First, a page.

5. Paul Norheim says:

    running the risk of being a little bit ad hominem here – but
    hopefully not in a nasty way – I have to say that you`re wasting
    your time arguing with WigWag on this particular issue.
    I`ve often disagreed with WigWag at TWN, but usually it has
    also been a pleasure to argue against and discuss with her,
    despite, or precisely because of our disagreements. In my view,
    her judgment is not bad, occasionally excellent, if you see it
    from her point of view, and there is certainly nothing wrong
    with her intelligence or knowledge.
    To her credit, she have declared that she is a zionist. You may
    disagree strongly with her opinions on issues related to this (as
    I have done frequently), but you have to admit that her
    arguments for these related cases are not more stupid, or less
    rational or informed than most of the arguments coming from
    other commentators here, whatever their position.
    But don`t even try to argue with WigWag about Barack Obama.
    Why not? Well, it´s as simple (and mysterious) as this: WIGWAG
    DOES NOT LIKE OBAMA. Nothing wrong with that; we all are
    biased in ways that occasionally are enigmatic even to
    However, WigWag has made considerable efforts to explain her
    dislike and distrust for Obama: His lack of experience… His
    silence when some talking heads made sexist comments against
    Hillary Clinton… His arrogance… His elitism…. His flip flop…
    And hundreds of other arguments. Much of this seemingly in an
    effort to support her gut feeling: she does not like the guy.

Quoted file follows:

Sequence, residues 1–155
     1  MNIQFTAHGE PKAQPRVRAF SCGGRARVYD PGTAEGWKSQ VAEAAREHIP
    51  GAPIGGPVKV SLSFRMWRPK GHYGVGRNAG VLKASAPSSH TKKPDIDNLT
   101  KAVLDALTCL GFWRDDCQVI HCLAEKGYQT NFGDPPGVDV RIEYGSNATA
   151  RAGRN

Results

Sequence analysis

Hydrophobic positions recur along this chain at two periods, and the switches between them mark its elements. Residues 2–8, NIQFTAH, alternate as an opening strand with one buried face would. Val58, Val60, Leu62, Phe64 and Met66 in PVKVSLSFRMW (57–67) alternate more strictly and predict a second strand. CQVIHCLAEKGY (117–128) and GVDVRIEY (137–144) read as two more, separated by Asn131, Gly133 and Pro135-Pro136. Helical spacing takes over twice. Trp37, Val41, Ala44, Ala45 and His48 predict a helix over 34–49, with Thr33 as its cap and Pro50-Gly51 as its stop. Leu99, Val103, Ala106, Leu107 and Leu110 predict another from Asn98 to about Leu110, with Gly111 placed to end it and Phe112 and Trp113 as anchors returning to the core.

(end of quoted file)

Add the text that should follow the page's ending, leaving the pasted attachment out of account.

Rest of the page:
None of those arguments are really convincing. The accusations
    may be applied to a lot of former candidates or politicians. The
    democratic candidate`s opinions seem to be more in
    accordance with her own opinions than the opinions of the
    republican candidate. And I believe that most of her Obama
    bashing arguments are substitutes and rational support for that
    basic feeling that she probably can`t explain for herself, that
    she simply doesn`t like the guy. If not, she would not spend so
    much energy at TWN in arguing against him, since the majority
    of the commentators here either distrust Obama or see him as
    someone that may be good, may be bad – we just don`t know
    yet (as is the case regarding most presidential candidates: they
    have never been US Presidents before, and you`ll never know
    before they enter the White House).
    My point? WigWag is wasting her (and our) time arguing against
    Obama here. And we are wasting our time (and her) arguing
    against her dislike of Obama. I would recommend you to
    discuss other issues with her. It`s more interesting.
    And if you really, really want to waste your time, try to talk to
    TahoeEditor about Obama.


  6. PacificCoastRon says:

    You criticize me for your interpretation of what I said, not what I actually said … and show in the process that you are incapable of understanding what I am trying to get at.
    It is an actual accomplishment, a melding of many tasks and many delegations of authority to many team players, to build a political vehicle THAT BEAT THE CLINTONS who were supported by 70-90% of the Democratic establishment from state to state.
    McCain faced nothing like the same obstacle this time, and he failed when he did face it in ’00. And I said nothing about Obama’s actual success or not once in office, I just said that what I perceived of his character was the only thing that gave me hope. You’ll note I did not describe or contextualize that hope, either absolutely or relative to other phenomena.
    Perhaps I haven’t mentioned it here, but in other forums, during the period we were still considering the trio of McCain, Obama and Hilary, I maintained that American history shows that any of the three could surprise us once in office by unanticipated moves to the right, left or unusual places in the center. (But that it is up to our judgment of character as to what probability we would assign to any particular movement by any particular elected candidate.) And I’ll make no predictions about the success or failure of those moves until we get a lot closer to the events, and I have some context for analysis.